Invasion of the Baby Bugs
by Martinique Davis
Jul 15, 2008 | 673 views | 0 0 comments | 8 8 recommendations | email to a friend | print

I never was a germaphobe. Had I been one, I would have been doing the “gotta-go, gotta-go, gotta-go” dance all across India. Sure I stock up on disinfecting wipes for those Third World public restroom adventures, and thanks to a moderately germ-phobic mother I have the habit of pulling my sleeve over my hand before reaching for the bathroom door in malls and airports. But I’ll be honest: I don’t wash my hands before every meal, and I’ve never sprayed Lysol on a doorknob.

So when I became a parent, I maintained what I believed was a reasonable, realistic tolerance for germy situations. I drape a blanket over the infant carrier seat in the grocery cart and I wash Elodie’s binky when it falls on the floor. (Although I do make allowances if it falls rubber-side up.) I did not, however, request friends squirt bacteria-killing gel onto their hands before holding my 5-month-old, nor did I wipe down her toys with Clorox disinfecting wipes like they say to do in the commercial. I was a little more squeamish about all those germ-slaying chemicals than I was about a little sniffly nose germ, anyway.

But that was in an ideal world where friends who come over to play don’t end up barfing all over the house. That was in pre-Rotavirus world.

The path by which Elodie contracted this nasty bug reads like a bacterial soap opera, complete with multiple clandestine run-ins with the malicious microbe and one explosive – and not so stealthy – grand finale.

Most parents we’ve talked to who’ve had puking babies in the past two weeks link it back to a giant orgy of drool and grubby fingers, i.e. a birthday party. We weren’t there, but plenty of people we know were. And in fine post-Fourth of July fashion, we played host to barbecues and dinner parties, where all our friends’ kids were thrilled to play with all new toys – toys that inevitably ended up in my daughter’s mouth.

The climax of our contagious virus crisis came at a lobster party early last week, complete with Boston style clam chowder and live lobsters just shipped from the East Coast. And munchkin vomit.

That’s the pesky thing about Rotavirus – you don’t see it coming until it’s all over your floor.

When our poor, sick toddler friend left that night, I did something I had never done before: I disinfected doorknobs. I dug out the Clorox disinfecting wipes, placed under the sink by my mother and never before opened, and wiped down everything in sight – just like they do in the commercial. My nasty chemical squeamishness had been overruled by sick baby anxiety. If I could have gotten my hands on a can of Lysol, I swear I would have assaulted the neighborhood with it.

Alas, I swathed my house in noxious chemicals for naught. Elodie was puking by Sunday. (So much for the theory that breastfed babies don’t get sick!)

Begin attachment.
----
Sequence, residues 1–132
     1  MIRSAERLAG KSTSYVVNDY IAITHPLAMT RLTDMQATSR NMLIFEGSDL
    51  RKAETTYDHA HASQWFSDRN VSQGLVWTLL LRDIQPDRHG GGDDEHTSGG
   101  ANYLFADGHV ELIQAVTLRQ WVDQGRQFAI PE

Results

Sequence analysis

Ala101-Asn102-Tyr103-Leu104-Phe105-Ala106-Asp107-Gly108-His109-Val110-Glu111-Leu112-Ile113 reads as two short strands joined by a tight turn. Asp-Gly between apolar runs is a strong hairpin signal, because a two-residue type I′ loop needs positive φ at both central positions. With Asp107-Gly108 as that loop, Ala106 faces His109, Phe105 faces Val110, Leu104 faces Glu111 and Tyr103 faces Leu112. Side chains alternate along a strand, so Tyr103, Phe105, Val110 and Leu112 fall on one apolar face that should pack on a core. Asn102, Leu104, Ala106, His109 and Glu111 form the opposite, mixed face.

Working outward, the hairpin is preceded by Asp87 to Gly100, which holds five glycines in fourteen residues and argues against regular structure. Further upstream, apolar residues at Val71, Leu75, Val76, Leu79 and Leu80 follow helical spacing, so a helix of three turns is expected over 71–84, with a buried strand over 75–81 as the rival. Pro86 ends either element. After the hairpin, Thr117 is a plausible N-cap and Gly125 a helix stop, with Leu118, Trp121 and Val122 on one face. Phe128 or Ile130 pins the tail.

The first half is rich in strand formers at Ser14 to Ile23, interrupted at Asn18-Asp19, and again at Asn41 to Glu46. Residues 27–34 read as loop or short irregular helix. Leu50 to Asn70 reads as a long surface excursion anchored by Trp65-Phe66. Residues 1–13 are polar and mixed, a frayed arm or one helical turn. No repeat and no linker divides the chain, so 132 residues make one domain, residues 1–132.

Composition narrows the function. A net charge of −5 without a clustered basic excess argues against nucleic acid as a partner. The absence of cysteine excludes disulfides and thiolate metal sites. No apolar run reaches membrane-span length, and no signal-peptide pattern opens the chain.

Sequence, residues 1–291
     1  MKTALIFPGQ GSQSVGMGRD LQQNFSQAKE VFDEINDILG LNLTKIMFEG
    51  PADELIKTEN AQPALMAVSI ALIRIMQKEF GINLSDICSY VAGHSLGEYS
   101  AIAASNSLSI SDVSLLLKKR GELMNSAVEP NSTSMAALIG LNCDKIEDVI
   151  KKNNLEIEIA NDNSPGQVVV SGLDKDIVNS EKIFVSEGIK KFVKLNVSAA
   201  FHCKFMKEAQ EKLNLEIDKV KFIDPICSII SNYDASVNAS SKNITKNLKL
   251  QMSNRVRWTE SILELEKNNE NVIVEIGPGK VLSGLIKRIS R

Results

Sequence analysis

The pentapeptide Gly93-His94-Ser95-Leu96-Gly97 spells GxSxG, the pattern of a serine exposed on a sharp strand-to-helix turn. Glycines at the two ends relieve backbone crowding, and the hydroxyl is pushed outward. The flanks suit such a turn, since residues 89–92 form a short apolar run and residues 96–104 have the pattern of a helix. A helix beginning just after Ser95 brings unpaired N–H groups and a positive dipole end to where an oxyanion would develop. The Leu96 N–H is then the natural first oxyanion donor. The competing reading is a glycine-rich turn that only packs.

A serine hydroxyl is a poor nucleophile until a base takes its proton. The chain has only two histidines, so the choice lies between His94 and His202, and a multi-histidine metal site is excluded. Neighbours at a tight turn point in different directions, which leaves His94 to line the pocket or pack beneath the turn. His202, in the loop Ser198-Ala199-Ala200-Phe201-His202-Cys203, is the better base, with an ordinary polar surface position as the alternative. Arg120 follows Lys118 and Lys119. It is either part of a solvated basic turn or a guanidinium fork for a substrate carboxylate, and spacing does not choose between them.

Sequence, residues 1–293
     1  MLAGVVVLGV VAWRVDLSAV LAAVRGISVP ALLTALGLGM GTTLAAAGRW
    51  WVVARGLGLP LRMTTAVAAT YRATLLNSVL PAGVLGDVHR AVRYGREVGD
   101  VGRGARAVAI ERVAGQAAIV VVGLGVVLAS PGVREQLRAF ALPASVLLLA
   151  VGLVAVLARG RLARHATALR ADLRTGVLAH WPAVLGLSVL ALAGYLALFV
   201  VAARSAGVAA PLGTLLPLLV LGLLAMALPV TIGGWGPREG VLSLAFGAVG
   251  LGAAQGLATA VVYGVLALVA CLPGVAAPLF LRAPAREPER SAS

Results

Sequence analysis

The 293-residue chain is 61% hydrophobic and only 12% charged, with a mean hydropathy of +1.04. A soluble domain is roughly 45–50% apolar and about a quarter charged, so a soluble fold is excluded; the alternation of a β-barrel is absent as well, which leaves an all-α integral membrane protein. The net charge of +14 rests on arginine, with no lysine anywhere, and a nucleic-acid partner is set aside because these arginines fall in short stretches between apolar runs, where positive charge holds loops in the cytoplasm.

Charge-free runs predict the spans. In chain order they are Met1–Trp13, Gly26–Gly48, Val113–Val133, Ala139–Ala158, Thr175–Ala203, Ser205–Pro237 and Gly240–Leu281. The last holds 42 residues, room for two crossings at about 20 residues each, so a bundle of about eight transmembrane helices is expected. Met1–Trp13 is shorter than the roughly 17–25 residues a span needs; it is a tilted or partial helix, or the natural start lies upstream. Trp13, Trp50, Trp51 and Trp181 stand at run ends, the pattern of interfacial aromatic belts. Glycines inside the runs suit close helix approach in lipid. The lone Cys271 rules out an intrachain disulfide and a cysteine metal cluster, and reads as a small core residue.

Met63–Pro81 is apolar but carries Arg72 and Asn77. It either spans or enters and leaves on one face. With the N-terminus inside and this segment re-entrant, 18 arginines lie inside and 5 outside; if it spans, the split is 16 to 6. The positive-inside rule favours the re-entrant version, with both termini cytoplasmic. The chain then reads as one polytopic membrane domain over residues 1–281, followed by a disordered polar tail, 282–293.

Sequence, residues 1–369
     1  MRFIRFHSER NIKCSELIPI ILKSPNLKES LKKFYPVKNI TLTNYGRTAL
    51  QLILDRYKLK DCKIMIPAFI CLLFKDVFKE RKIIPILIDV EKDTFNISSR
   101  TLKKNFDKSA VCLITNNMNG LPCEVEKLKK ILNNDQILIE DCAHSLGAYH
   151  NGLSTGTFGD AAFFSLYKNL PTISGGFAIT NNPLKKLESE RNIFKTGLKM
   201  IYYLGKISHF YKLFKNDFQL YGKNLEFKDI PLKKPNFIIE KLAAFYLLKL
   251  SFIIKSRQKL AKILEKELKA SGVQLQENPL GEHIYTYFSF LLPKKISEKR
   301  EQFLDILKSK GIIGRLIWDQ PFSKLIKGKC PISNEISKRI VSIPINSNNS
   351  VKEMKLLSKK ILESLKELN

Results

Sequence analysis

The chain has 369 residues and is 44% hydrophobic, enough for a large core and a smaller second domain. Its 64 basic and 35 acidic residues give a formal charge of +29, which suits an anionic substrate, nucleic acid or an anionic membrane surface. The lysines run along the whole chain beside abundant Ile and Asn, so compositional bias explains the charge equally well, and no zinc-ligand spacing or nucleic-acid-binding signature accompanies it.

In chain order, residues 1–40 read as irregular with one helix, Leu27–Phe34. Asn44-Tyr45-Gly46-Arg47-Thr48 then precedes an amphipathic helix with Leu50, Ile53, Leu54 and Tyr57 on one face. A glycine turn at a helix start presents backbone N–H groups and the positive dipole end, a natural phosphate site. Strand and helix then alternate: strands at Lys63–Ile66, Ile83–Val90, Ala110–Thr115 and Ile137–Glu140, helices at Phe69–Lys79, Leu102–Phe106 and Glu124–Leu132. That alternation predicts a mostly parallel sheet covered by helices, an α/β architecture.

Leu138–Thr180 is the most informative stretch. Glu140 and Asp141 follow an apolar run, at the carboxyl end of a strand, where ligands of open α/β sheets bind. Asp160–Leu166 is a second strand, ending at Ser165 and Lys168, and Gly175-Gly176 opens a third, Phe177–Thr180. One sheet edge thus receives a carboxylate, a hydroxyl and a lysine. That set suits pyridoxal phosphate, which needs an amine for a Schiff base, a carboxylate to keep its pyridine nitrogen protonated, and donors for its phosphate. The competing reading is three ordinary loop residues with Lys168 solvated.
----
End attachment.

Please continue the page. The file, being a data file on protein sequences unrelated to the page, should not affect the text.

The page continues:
Between bouts of sickness and loads of laundry, I berated myself for letting my baby girl get sick. Why do I let people hold her? Why don’t I tell them to please not grab her hands – the first thing they reach for and the first thing she puts in her mouth? Why don’t other parents teach their children to not touch babies? Why do I even bring her out into public?

From now on, I swore to sick baby Elle, I will be that super vigilant germ fighter Mom. Show me the Lysol.

But how could I really follow up on that promise, without locking her in a sterilized – and scary chemical off-gassing – bubble?

I did some Internet research on Rotavirus, and while the thought of that nasty critter setting up shop in her intestines still gave me the heebie-jeebies, learning more about it did make me feel a little less like a terrible mother. Globally, Rotavirus is the most common cause of severe gastroenteritis in early childhood. Almost all children have been infected by the time they reach 5 years of age, and in the U.S. most kids have gotten it by age 2. Rotavirus’s pervasiveness is not much of a surprise, since it is very easily spread even when people try very hard to keep places clean.

So, unless we had spent the Fourth of July week sequestered alone at home, chances were that she would have gotten sick no matter what we did to try to prevent it – bleach wipes and all. But that’s not much comfort to me and especially not to sick baby Elle.

I know I can’t build an impermeable barrier around my daughter. And I’m not going to prevent her from exploring this great big world because she could catch a cold. Or Rotavirus. I am, however, going to be a smarter parent when it comes to keeping my child healthy.

First, no longer will I silently cringe when people say hello by grabbing her little hands. There should be no shame in asking people not to touch the one place on her body that has free and unlimited access to her mouth. Plus, I shouldn’t feel that it’s rude to actually say no when someone who probably hasn’t washed their hands in the last half-hour asks to hold her.

Next, I don’t need to feel like it’s obnoxious to disinfect toys after other babies touch them, or wash Elodie’s hands and face after visiting with friends. And the products I use to kill germs don’t have to be chemical-laden monsters in disguise, either. My good friend Mary just gave me the book Healthy Child Healthy World – Creating a Cleaner, Greener, Safer Home. In it there are lots of suggestions on how to clean greener using simple, safe, effective and inexpensive substances like baking soda, vinegar, hydrogen peroxide, essential oils, and plain old glycerin soap.

Finally, I will commit to being more proactive about keeping Elodie from adding another germy chapter to Telluride’s sick kid drama. When she has a fever, or a cough, or just doesn’t seem well, we’re just going to have to turn down those birthday party and barbecue dinner party invitations.
Comments-icon Post a Comment
No Comments Yet